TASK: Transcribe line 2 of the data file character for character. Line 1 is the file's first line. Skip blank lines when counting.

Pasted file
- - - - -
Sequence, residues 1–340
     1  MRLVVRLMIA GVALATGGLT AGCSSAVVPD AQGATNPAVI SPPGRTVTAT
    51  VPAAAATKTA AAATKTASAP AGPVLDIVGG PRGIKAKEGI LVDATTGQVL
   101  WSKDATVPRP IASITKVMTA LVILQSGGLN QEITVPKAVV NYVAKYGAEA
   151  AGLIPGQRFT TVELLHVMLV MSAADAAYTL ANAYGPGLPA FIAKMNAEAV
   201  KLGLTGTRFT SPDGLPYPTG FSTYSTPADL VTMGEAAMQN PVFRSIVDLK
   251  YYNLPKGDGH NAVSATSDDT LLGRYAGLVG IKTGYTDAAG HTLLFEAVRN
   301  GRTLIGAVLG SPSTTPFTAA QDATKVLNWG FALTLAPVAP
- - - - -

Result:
     1  MRLVVRLMIA GVALATGGLT AGCSSAVVPD AQGATNPAVI SPPGRTVTAT